Paolo Soro

A robust trade policy for jobs and growth

The Commission urged Member States to support proposals to strengthen European defences against unfair trade. The College also discussed the latest developments regarding the EU-Canada trade agreement (CETA) and appointed the members of the European Fiscal Board.

The Commission urged Member States to support proposals to strengthen European defences against unfair trade. The College also discussed the latest developments regarding the EU-Canada trade agreement (CETA) and appointed the members of the European Fiscal Board.

The Commission today called upon Member States to support its efforts to provide the European Union with updated, strengthened and more robust trade defence instruments. Ahead of the European Council (20-21 October), the Commission details its arguments in a Communication "Towards a robust trade policy for the EU in the interest of jobs and growth".

Despite the fact that the European Commission has been using the available trade defence instruments toolbox to its full extent, these have proven insufficient to deal with the huge overcapacities that result in dumped exports on the EU market. The EU is and wants to remain the biggest trading bloc in the world. But trade must be based on fair conditions. The EU accounts for 15% of world imports (second only to the United States), yet the EU's trade defence measures correspond to only 7,8% of those in place worldwide and affect a mere 0,21% of the imports. When it comes to implementing measures to defend jobs on its territory, no trade bloc exercises a similar level of self-restraint, due to the limitations imposed by the current legislation.

The necessary modernisation of trade defence instruments can be achieved through the swift adoption of the Commission's proposal tabled in 2013. The Council has to this date not been able to find an agreement, notably because of the controversial narrowing down of the scope of application of the "Lesser Duty Rule", which caps the levels of anti-dumping duties.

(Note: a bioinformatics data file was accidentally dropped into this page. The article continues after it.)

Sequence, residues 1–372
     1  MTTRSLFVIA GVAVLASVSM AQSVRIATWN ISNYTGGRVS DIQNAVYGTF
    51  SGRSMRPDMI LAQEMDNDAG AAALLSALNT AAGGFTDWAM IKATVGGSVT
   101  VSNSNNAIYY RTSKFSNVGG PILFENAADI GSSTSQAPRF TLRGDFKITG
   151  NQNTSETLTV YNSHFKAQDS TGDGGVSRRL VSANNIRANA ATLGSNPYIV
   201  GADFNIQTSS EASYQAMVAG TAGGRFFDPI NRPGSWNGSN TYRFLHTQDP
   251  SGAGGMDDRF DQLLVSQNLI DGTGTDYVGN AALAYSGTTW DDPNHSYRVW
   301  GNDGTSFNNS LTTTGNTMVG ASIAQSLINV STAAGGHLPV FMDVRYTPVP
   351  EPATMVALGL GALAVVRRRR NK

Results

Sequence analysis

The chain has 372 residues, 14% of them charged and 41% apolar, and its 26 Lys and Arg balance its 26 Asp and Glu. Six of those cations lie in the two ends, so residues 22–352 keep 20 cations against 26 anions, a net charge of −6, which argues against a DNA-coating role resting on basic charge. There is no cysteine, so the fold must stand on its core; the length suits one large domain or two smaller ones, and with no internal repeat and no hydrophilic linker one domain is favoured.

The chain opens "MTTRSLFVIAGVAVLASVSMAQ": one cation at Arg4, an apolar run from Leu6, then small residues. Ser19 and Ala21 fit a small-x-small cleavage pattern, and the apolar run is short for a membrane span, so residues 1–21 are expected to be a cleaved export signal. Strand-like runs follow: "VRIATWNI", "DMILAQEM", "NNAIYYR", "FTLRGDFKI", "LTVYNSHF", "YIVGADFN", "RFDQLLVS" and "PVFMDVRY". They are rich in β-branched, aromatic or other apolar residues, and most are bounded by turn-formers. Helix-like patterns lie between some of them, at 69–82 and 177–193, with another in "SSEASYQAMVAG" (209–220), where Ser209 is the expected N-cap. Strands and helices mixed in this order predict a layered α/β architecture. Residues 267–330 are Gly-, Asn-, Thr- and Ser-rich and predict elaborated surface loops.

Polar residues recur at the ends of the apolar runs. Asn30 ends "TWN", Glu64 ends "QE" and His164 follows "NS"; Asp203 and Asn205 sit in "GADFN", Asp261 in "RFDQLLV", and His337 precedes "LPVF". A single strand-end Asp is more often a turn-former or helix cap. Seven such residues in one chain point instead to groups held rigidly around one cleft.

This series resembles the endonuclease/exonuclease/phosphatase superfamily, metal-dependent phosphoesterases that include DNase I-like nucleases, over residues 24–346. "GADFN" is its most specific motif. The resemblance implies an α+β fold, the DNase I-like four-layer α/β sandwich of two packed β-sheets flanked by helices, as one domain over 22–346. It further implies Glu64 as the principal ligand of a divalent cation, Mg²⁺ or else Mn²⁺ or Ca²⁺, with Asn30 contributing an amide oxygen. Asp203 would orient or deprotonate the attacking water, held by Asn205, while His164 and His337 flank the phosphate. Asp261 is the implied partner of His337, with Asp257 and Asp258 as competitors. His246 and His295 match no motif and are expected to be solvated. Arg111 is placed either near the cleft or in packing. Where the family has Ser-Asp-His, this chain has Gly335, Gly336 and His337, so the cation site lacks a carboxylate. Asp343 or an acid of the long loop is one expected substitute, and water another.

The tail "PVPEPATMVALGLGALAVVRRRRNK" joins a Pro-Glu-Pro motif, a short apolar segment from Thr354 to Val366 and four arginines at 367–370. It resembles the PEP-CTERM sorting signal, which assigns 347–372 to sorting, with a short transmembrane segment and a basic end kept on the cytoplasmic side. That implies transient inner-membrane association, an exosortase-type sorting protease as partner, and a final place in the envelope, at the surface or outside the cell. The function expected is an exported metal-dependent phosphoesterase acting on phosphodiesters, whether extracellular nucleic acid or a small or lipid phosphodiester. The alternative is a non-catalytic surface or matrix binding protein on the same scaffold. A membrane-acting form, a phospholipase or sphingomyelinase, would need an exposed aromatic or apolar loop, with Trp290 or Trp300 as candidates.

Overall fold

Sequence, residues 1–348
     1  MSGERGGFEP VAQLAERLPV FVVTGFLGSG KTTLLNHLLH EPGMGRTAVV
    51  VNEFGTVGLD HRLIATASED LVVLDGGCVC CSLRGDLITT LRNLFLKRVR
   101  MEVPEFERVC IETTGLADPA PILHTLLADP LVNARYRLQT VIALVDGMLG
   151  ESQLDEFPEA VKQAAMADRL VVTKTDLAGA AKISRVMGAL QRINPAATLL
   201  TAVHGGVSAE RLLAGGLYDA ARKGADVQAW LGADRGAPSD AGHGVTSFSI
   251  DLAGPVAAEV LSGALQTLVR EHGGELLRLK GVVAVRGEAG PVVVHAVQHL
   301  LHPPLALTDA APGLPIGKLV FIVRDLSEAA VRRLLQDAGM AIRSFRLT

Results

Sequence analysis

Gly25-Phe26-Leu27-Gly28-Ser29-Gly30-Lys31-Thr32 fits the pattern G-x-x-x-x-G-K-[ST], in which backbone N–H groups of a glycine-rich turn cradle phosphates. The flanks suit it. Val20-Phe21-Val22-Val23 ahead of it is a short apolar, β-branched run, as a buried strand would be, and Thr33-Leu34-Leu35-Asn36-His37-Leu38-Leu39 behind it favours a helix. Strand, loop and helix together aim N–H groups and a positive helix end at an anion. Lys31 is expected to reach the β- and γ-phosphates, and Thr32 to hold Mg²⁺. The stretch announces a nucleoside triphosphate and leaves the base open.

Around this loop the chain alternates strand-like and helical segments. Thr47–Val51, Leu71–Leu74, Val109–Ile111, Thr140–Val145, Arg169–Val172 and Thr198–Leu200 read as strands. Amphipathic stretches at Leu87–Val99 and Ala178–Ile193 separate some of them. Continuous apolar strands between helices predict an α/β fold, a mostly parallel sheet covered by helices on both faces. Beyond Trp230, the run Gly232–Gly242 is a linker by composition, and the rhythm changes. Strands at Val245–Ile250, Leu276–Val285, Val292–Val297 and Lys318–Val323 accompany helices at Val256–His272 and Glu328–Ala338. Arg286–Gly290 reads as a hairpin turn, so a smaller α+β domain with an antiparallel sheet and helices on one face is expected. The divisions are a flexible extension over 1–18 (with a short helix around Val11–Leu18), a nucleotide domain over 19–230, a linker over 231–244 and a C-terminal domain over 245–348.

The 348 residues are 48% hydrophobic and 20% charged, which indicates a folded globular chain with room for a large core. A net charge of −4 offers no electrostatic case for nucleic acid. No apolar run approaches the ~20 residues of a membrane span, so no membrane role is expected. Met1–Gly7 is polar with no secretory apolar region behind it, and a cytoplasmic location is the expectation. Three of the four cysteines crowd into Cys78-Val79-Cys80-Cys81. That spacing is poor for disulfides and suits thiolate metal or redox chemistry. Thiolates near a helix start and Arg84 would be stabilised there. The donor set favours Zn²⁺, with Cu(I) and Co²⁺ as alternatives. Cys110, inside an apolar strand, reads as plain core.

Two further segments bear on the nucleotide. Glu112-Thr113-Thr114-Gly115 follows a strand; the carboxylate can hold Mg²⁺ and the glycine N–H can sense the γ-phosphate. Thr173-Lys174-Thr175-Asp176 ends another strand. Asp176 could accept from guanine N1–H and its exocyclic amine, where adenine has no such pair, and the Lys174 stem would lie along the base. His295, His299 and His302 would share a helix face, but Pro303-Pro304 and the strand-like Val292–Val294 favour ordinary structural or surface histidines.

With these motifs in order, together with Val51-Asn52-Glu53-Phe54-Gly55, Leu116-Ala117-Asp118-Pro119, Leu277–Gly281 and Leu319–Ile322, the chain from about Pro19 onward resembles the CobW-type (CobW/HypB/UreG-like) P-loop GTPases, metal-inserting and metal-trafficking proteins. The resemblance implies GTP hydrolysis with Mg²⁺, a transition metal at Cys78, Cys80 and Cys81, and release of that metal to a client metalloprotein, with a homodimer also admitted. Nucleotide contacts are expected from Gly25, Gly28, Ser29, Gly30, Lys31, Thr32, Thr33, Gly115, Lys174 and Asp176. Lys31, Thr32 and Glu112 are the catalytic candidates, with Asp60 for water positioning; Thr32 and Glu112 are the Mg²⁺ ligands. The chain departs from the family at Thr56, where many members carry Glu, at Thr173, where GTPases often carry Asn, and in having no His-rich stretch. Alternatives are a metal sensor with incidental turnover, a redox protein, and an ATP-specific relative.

The European Commission also outlined today that it will propose, by the end of the year, a new method for calculating dumping on imports from countries where there are market distortions, or where the state has a pervasive influence on the economy. This method will not grant 'market economy status' to any country but ensure that the EU's trade defence instruments are adapted to face the new challenges and legal and economic realities, while maintaining an equivalent level of protection.

The Commission also announced that it will propose a further strengthening of the EU anti-subsidy legislation so that in future cases, any new subsidies revealed in the course of an investigation can also be investigated and included in the final duties imposed.

The Commission held a discussion ahead of the European Council where migration, trade and relations with Russia will dominate the meeting agenda.

The College formally appointed the members of the European Fiscal Board. Building on the Five Presidents' Report on completing European Economic and Monetary Union, the Commission decided last October to set up this independent advisory board on fiscal matters.

The College discussed the latest developments regarding the efforts to sign, ratify and provisionally apply the Comprehensive Economic and Trade Agreement between the EU and Canada, the best and most progressive trade agreement the EU has ever negotiated.

Yesterday already, on 18 October, the Commission took stock of the progress made since the launch of the new Migration Partnership Framework in June. The first progress report showed that cooperation with the priority countries Niger, Nigeria, Senegal, Mali and Ethiopia has yielded first results.

Source: EU Commission News

comments powered by Disqus
commissione ue
top